Remembering Eudy, KwaThema’s brightest, killed on its darkest night

Eudy Simelane

Eudy Simelane’s portrait hovers above her parents’ lounge in KwaThema.

KwaThema, South Africa | At dusk in early winter, smoke from coal fires shrouds this bustling black township in a persistent haze resembling volcanic ash.

Among slag heaps of the heavily mined East Rand, temperatures are certain to dip below freezing on a clear night toward the end of June. The corrugated-tin dwellings of KwaThema, established in 1951 to house blacks relocated from white areas southeast of Johannesburg, lack heat and electricity. So outdoor fires already have started.

The parents of the late Eudy Simelane wear hats, scarves and coats both indoors and out. Her father, Khotso, eats his evening meal beside the kitchen stove, the only heat source in the trim double-pile house. Knotted around his neck is an Arsenal scarf. “It is real,” he says, looking down and fingering the tasseled ends. Several years earlier his daughter had brought the scarf from an overseas trip with Banyana Banyana, the senior women’s national football team, for whom she was a midfielder.

The scarf is not a local product but originated in north London, an impossibly distant land from which Premiership matches would be beamed to Khotso and Mally Simelane‘s home in KwaThema’s Tornado section. Khotso watched games along with Eudy and Eudy’s brother, Bafana, on the small television in his lounge.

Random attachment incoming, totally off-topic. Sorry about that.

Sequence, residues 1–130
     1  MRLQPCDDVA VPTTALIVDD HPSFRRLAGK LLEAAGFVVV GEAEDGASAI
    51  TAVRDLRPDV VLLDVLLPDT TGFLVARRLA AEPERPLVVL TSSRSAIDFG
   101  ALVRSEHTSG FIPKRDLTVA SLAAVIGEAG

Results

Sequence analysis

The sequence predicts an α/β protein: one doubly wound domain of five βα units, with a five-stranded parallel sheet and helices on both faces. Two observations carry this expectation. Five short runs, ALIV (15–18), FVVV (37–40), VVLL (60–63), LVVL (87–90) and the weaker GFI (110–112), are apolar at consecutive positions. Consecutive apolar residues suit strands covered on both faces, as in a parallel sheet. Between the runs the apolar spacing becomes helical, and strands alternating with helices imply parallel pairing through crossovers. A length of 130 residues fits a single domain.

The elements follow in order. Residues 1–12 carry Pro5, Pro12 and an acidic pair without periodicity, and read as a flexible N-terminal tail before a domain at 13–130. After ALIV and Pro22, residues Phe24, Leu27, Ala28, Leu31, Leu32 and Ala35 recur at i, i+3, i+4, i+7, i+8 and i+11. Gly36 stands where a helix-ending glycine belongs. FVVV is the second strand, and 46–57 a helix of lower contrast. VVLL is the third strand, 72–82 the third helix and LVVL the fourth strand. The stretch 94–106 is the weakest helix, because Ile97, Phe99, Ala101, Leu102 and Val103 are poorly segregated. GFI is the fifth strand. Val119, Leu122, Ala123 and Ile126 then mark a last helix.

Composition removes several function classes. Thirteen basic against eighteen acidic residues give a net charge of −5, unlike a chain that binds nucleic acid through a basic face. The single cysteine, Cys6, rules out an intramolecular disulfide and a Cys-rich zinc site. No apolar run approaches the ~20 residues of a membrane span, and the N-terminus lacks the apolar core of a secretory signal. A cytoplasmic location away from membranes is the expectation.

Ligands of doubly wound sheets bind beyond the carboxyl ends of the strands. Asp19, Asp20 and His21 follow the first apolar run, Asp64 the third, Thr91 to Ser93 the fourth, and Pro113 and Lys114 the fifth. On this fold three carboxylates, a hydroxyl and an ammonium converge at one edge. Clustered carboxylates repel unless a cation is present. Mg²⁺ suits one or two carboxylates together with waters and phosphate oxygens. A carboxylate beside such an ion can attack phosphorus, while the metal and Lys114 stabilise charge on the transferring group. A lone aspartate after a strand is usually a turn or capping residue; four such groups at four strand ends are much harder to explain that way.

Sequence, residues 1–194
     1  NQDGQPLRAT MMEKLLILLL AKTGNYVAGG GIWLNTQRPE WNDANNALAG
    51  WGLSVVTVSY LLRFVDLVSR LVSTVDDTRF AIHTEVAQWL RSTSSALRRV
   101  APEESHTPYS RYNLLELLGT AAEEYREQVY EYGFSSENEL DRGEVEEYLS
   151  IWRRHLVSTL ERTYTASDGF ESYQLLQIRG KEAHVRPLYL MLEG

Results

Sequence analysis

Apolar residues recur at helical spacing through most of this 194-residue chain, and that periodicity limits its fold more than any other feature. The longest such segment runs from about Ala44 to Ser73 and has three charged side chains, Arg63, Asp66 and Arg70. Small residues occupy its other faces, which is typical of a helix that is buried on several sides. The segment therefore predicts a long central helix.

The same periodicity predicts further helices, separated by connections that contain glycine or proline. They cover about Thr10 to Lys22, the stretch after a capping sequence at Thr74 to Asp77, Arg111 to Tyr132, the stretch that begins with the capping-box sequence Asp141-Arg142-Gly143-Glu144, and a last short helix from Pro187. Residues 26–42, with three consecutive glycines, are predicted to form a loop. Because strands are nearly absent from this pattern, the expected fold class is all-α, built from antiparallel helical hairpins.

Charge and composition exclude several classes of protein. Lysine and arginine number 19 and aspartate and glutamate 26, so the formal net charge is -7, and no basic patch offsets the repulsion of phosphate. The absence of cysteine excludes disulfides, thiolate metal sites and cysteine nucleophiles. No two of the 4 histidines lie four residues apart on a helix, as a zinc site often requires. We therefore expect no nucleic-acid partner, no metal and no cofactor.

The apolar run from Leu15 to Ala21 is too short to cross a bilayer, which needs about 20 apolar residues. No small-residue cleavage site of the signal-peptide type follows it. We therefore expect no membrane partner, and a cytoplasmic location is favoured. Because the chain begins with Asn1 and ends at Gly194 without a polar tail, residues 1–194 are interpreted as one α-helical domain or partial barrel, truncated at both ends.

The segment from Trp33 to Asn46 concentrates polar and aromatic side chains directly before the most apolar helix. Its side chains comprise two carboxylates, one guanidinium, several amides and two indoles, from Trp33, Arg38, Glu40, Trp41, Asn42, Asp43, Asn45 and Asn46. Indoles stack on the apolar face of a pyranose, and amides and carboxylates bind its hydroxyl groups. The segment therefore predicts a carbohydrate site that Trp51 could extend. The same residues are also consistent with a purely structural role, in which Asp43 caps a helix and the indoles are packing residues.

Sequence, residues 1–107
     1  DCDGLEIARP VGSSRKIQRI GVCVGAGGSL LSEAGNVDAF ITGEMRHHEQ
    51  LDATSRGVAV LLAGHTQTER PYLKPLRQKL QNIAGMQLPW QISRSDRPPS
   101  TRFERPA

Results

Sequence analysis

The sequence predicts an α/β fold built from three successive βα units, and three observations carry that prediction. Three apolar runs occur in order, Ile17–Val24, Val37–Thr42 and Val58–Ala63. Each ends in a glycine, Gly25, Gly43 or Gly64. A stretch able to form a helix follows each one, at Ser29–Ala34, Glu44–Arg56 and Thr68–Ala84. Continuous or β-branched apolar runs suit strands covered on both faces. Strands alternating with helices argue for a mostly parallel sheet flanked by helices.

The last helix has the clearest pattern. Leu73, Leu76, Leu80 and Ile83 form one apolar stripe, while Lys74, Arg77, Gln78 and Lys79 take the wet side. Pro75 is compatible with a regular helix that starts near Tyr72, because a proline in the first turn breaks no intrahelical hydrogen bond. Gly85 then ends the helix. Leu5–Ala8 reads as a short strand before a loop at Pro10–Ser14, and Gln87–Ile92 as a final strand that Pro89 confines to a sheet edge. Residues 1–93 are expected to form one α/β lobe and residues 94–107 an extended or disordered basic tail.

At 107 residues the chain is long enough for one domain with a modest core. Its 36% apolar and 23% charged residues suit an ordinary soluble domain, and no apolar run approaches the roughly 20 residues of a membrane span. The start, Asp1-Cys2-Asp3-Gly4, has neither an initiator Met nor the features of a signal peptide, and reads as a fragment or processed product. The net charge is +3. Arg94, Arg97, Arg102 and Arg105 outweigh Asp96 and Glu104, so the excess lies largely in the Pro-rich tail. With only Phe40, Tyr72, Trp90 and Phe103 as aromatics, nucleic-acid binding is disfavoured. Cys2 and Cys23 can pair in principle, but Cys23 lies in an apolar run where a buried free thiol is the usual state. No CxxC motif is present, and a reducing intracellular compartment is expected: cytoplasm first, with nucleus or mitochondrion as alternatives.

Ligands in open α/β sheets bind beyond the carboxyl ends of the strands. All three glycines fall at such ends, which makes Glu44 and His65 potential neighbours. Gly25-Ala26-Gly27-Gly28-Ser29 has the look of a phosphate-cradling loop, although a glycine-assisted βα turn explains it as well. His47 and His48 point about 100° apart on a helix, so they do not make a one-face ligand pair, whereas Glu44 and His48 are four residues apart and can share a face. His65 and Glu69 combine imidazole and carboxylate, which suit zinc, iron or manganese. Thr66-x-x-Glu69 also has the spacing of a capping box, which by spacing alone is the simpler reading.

Eudy Simelane died on 28 Apr 08 less than 200 yards from the four-room house, behind which she lived in her own bungalow. On the Monday following Freedom Day, commemorating independent elections of 1994, police retrieved Simelane’s body from a culvert. According to a medical examiner’s report, she had been stabbed eight times in the neck, abdomen and thighs. She was 31.

Scenes from KwaThema

Scenes from KwaThema on 29 Jun 09, including Eudy’s mother, Mally, at lower left.

Simelane’s murder numbers among a series of attempted sexual assaults and “corrective rapes” in which black South African men have targeted lesbians based on the women’s sexual preference. So says a coalition pushing government to live up to a progressive constitution that bars discrimination on grounds that include sexual orientation, conscience, belief and culture. With human rights, at least theoretically, at the center of the 15-year-old democracy, South Africa since 2005 has recognized same-sex marriages.

Since February hundreds have demonstrated outside Delmas circuit court, Mpumalanga province, famed for “treason trials” of anti-apartheid activists in the 1980s. One of the accused, Thato Mphiti, on Feb 13 received a 32-year sentence after pleading guilty to murder and to assault and robbery.

The fate of three alleged accomplices, Themba Mvubu, Khumbulani Magagula and Johannes Mahlangu, became more uncertain in late July when Mphiti recanted previous testimony and said that he had acted alone. Closing arguments have been postponed until Sept 21.

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Eudy Simelane was born two months’ premature at Chris Hani Baragwanath Hospital in Soweto on 11 Mar 1977. The hospital, with more than 3,000 beds, covering 173 acres, is the largest in the world. Complications after birth kept Eudy at hospital for several months. According to women of the family—including Eudy’s mother as well as her maternal grandmother, Elizabeth Skosana, and aunt, Busi Skosana—Eudy’s early fragility resulted in special treatment. She resisted domestic routine and household chores.

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